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Experts Say Texas Child Protective Services Needs Help from Community Members

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KUT News
State Reps. Cindy Burkett, R-Garland, left, and Jessica Farrar, D-Houston, are members of the Texas House Select Committee on Child Protection. The committee hosted a public hearing on Sept. 30, 2014.

A federal commission is researching how the U.S. can reduce the number of deaths from child abuse and neglect.

Today, a member of that group told Texas lawmakers that no one state agency is to blame for these child fatalities.

The Commission to Eliminate Child Abuse and Neglect Fatalities is working on a report for Congress and the President on how the U.S. can fight child deaths. The commission’s Susan Dreyfus says more people like doctors, police officers and caretakers need to call Child Protective Services when they see a child at risk.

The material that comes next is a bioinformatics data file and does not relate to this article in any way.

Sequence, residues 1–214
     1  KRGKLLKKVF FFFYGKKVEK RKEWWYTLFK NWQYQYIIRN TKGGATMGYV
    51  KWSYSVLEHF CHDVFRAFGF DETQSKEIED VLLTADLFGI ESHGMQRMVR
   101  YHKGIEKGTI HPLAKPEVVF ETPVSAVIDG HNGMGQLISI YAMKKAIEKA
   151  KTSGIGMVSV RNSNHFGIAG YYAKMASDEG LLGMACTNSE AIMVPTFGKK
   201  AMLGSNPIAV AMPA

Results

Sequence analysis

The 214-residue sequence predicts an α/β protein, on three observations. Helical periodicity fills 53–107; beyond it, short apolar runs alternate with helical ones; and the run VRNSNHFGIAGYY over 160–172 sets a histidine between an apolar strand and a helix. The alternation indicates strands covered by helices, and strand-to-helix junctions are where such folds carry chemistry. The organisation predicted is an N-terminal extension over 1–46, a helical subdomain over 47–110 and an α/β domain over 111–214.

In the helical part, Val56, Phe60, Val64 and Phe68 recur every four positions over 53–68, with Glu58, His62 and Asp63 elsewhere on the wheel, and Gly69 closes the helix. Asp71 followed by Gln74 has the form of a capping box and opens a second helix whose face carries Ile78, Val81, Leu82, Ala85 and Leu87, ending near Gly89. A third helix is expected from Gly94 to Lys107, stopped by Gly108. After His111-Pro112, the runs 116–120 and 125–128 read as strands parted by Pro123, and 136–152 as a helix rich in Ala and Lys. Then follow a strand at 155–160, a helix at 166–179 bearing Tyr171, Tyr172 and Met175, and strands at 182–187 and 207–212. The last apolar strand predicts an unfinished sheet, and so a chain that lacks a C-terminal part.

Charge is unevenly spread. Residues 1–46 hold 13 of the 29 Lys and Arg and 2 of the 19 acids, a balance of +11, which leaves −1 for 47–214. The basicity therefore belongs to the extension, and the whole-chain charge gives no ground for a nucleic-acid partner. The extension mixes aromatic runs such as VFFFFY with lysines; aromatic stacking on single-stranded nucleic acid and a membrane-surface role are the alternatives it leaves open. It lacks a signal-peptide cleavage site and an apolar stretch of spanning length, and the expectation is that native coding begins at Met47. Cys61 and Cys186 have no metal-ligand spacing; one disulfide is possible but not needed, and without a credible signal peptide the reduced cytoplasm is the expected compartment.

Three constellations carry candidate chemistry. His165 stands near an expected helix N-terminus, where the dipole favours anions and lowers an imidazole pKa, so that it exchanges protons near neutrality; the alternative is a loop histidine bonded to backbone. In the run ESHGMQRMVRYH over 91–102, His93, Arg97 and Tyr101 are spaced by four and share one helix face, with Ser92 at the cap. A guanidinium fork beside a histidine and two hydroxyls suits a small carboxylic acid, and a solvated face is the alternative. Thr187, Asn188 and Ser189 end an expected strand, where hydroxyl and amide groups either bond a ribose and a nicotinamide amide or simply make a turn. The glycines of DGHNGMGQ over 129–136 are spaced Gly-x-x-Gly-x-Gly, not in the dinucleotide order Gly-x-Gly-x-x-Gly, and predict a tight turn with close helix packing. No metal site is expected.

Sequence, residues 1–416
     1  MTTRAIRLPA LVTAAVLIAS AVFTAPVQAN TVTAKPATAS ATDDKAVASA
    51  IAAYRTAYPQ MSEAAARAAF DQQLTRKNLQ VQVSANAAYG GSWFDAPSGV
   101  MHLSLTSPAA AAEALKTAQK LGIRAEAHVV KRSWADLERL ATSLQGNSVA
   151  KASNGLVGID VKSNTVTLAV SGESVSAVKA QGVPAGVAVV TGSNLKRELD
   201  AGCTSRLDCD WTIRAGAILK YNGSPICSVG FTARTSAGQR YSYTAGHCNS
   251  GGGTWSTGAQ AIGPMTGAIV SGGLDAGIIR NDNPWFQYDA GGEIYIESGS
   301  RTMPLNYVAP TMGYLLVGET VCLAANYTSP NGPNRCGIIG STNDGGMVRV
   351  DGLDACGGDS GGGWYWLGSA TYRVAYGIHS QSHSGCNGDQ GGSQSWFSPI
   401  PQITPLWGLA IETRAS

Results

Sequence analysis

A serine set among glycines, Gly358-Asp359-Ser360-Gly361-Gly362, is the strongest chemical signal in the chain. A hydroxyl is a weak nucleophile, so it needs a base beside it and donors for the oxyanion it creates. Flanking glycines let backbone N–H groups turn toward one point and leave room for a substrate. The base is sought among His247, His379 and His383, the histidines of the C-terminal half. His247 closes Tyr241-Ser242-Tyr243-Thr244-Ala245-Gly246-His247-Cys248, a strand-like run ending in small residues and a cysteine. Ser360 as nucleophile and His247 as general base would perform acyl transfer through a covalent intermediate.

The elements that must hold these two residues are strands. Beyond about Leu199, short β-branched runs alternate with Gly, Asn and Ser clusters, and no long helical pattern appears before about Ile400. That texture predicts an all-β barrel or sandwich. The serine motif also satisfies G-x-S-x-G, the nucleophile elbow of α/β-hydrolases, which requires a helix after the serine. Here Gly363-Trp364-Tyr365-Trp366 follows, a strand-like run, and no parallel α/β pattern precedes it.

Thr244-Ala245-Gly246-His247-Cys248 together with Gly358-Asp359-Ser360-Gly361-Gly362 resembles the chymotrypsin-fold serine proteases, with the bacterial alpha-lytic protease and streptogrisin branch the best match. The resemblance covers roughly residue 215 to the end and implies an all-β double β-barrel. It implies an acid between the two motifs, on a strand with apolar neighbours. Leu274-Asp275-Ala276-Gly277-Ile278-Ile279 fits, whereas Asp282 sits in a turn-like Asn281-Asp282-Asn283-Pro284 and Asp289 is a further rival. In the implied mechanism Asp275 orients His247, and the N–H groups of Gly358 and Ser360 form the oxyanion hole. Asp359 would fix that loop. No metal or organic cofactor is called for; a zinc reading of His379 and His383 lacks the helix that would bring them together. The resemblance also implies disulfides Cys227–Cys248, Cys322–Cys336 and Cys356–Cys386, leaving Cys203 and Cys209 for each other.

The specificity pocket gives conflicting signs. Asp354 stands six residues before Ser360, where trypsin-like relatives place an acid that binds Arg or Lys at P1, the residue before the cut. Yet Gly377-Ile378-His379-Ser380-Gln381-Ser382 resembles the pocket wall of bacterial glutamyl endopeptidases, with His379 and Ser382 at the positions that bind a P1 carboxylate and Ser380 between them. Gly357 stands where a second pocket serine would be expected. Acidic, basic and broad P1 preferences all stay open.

"The only way children can be kept safe is if people step up and do something," Dreyfus says.

But State Rep. Tony Dale, R-Cedar Park, says CPS bears most of the responsibility – and that the agency isn’t doing enough.

"We’ve determined through an outside consultant that we’ve brought in that caseworkers only spend about 29 percent of their time with families and children. That’s not enough time, clearly," Rep. Dale says.

Lawmakers also discussed state spending to treat parents with substance abuse issues. State Rep. Jessica Farrar, D-Houston, says the money keeps people out of jail.

"For every dollar we spend, we save a lot of money in the future," Rep. Farrar says.

Next legislative session, bills are expected to be filed that will address problems like high caseworker turnover at CPS.

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